David Fuselier and Jackie

Although the early years of kidney transplantation were marked by high rates of rejection and allograft failure, a clinical trial of the immunosuppressive drug cyclosporine dramatically changed the outlook for transplant recipients. The trial began in 1979, and three years later, David was among the participants who were enrolled at Memorial Hermann-Texas Medical Center. He and his sister Jackie shared their story last October at an educational event for people considering living kidney donation at the hospital’s Transplant Center. David was just 15 when a routine physical exam revealed an abnormally high level of protein in his urine, an early sign of kidney dysfunction. After further testing, he was diagnosed with vesicoureteral reflux, the abnormal flow of urine from the bladder to the upper urinary tract.

“In the process of fixing the bladder problem, they discovered I had only one fully functioning kidney,” says David, who at the time was working in the construction business in Lake Charles, Louisiana. “The other kidney was just a third of the size it should have been.”

Not long afterward, when David wasn’t feeling well, Jackie, a nurse, called a physician friend. “My friend, who was a gastroenterologist, told me to bring David by,” she says. “He did blood work and two days later David was in the hospital on dialysis. He was in end-stage renal failure at the age of 22. We were supposed to go to New Orleans that weekend. If we had gone, he might have died.”

David was on dialysis for three months, but didn’t do well. “I went Monday, Wednesday and Friday and it always took me a day to recover, which meant I had only one good day a week – on Sunday,” he says.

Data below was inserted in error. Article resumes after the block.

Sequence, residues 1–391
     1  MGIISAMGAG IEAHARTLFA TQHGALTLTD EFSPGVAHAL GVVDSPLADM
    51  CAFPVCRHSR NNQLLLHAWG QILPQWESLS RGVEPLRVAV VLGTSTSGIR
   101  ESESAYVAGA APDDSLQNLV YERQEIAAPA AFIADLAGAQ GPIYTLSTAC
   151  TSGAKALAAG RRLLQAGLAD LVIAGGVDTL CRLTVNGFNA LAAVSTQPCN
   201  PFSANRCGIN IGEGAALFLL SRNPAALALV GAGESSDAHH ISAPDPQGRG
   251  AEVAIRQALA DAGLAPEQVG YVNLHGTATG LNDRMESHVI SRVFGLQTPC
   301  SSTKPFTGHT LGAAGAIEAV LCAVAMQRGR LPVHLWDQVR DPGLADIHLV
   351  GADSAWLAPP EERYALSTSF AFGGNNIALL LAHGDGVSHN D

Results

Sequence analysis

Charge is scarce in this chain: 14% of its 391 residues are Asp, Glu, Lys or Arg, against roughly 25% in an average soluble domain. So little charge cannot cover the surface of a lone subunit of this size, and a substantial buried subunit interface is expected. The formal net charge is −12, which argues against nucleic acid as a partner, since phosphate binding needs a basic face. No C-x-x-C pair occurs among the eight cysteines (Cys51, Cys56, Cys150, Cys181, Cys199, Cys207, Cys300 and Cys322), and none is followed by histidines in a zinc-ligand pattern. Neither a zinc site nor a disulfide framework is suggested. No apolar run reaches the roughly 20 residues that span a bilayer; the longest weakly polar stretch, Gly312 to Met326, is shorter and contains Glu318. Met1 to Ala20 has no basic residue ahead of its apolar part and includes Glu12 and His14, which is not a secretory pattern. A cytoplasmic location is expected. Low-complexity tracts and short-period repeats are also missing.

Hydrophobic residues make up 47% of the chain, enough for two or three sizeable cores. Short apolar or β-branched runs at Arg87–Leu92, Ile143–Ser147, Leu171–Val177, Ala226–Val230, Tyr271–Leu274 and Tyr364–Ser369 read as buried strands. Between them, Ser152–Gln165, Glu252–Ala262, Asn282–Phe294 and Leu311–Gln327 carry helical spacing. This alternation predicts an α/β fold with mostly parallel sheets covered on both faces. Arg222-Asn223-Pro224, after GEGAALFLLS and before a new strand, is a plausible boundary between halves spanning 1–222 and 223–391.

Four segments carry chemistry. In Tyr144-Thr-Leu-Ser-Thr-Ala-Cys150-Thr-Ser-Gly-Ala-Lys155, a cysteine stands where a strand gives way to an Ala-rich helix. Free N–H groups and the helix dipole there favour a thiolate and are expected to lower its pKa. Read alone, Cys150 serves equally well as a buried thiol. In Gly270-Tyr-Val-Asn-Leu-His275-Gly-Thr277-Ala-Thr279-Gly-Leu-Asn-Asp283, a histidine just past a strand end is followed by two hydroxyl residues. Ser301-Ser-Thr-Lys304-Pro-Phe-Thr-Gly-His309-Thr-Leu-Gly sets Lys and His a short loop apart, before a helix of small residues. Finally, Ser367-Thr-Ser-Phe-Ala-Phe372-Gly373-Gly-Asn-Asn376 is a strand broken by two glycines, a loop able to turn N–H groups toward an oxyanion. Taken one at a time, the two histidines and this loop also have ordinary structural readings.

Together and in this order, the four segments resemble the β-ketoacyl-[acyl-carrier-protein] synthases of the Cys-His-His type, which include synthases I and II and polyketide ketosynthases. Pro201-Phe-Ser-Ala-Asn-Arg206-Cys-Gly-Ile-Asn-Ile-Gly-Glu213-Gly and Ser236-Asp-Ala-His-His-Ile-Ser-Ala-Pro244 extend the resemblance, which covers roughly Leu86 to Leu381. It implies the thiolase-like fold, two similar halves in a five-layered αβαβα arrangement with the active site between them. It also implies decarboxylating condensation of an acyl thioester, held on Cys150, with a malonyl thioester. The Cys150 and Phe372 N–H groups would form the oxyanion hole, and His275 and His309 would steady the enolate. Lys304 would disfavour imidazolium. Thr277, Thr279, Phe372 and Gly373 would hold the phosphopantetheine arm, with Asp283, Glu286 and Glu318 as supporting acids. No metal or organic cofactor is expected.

When David’s nephrologist talked about the possibility of kidney transplantation, Jackie said, “Let’s do whatever we can.” The physician, aware of the clinical trial of cyclosporine at Memorial Hermann-TMC in Houston, referred them to the hospital’s Transplant Center.

“David, my sister and I did the pre-transplant lab work and all three of us were a 100% match,” she says. “I’m the oldest and was 33 at the time. I was done having my babies, and my sister was five years younger, so I decided it was going to be me.”

Admitted to the hospital in September 1982, David and Jackie were assigned to rooms on different wings. “Once my family left, I thought, ‘Oh, dear God, what have I done.’ I had a five year old and an eight year old at home,” Jackie recalls. “But the staff took excellent care of both of us. It was all good.”

David remembers feeling overwhelmed. “I was more concerned about Jackie donating a kidney than I was about myself,” he says. “Transplantation of a donated kidney wasn’t as common back then as it is now. The future seemed like a big unknown, and I was scared. I wanted to make sure she would be okay. There wasn’t really anyone you could talk to about their personal experience as a donor because they hadn’t been doing it that long. There was no track record of long-term success like there is today, and I was in a clinical trial of a new drug, so it was experimental.”

A high fever after the transplant kept David in the hospital for two weeks, but neither has had any problems since that time. David went back to his job in construction and resumed his regular schedule of running. “I was on steroids, and with the combination of running and medication my knees started hurting,” he says. “About a year and a half after the transplant, the doctor said, ‘Let’s try to take you off steroids and see if cyclosporine will be enough.’ It was.”

David went on with his life, got married and had two children. He and his wife now have two grandchildren.

“It’s been a real success story,” he says. “Things have happened in life that I never thought would happen. We didn’t know how long the transplant would last because there was no long track record of success. We’ve been very fortunate.

“When Jackie gave me her kidney, it was a gift I could never repay,” he says. “We’re very happy to share our story whenever we can. It’s really encouraging for people to hear that you’re going on 34 years and that both of you have normal lives.”

“To this day, David still tells me I gave him a life,” Jackie says. “We get very emotional about it.”